County needs to be focused when trimming costs
Taylor County is facing a budget crisis.
There is nothing new about this. It costs money to provide government services and there are always going to be those who say particular services are not needed or cost too much.
Either directly or indirectly, that money comes from taxes and fees paid by individuals and businesses in the community. Some of that tax money is assessed directly, such as with property taxes. Others are paid through sales and use taxes to the state government and are sent back to local governments through shared revenue payments.
Most people would rather keep the money they have than pay it to the government. The challenge and the ongoing “crisis” that Taylor County and other governments face is how to balance costs with the taxes they are able to collect.
This is further complicated with a maze of regulations, mandates and state laws that tell county government how to spend that money. In general, these regulations are intentionally designed so that the state legislature gets the praise for the good the services provide, while county officials get the complaints over having to pay the bill.
The challenge, as with all things, is having enough money to cover all the things that must be done as well as to do the things that should be done to make the county a better place to live and work. This is where the county’s current budget crisis comes in.
Faced with skyrocketing costs for employee healthcare, materials and the need to offer competitive wages to attract and retain employees, the county was faced with having to utilize short term borrowing for highway projects in order to make the budget work. Even though the net impact to property taxpayers in the county was negligible, the idea of needing to borrow money, even if for a few months, to meet the budget does not sit well with a number of the more fiscally conservative members of the county board.
As part of a compromise to get the county budget passed, there was a promise to form a special committee to identify $500,000 to be cut from the county budget.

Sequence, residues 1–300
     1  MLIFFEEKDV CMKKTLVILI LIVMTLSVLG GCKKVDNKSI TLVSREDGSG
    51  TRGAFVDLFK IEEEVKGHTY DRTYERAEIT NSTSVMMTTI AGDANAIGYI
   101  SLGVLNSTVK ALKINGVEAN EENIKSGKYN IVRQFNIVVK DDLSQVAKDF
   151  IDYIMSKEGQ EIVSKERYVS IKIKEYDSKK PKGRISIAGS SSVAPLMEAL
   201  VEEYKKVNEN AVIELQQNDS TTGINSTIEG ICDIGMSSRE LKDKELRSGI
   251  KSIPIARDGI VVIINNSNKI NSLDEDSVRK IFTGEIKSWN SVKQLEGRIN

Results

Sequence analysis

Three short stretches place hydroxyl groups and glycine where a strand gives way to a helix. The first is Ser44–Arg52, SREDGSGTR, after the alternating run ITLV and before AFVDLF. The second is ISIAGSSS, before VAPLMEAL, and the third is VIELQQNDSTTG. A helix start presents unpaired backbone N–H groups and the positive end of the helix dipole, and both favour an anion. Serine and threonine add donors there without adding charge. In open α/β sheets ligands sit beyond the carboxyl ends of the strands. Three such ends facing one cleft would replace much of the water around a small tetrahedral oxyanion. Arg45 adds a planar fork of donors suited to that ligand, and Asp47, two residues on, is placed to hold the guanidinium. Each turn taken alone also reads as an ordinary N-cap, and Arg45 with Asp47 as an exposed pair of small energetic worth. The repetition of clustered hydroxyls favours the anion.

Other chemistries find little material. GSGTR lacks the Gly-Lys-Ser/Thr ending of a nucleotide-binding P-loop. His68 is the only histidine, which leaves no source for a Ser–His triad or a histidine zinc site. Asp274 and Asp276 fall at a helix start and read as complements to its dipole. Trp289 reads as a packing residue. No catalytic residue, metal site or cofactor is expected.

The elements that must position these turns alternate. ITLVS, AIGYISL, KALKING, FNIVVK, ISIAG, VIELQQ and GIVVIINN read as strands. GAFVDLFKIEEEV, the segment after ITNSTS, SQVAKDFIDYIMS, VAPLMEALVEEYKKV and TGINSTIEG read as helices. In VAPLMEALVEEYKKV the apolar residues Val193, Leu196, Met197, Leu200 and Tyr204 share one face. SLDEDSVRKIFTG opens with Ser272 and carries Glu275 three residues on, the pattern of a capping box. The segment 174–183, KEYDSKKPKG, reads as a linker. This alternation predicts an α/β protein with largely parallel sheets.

There is little doubt the county can make the cuts through the elimination of personnel and, potentially, services offered. The challenge is how to minimize negative impacts while getting the most gains. Some of these are obvious, such as reorganizing departments when staff members leave in order to cut staff.
The risk is that rather than using a scalpel to trim the waste, the committee will operate with the grace of a dull axe and proposed cuts will be politically or personality motivated rather than making any real sense for the overall good of the county. At the same time, the county must work to limit the negative impacts to county employee morale and staffing efforts. The vast majority of county employees are hard working, dedicated people and should not be made to worry that their jobs are on the chopping block.
The hard reality is that major cuts must come from the largest departmental budgets in order to have any practical impact. Harassing the staff of a two or three person office on how many staples they use per week isn’t going to get the job done and will cost the county dedicated employees.
The county must also keep in mind that cutting services without cutting taxes is simply a back-door tax increase as people will pay the same and get less.
Whatever it is called, members of the budget cutting committee face a challenging time in the next few months and must maintain focus.
Members of The Star News editorial board include Publisher Carol O’Leary, General Manager Kris O’Leary and News Editor Brian Wilson.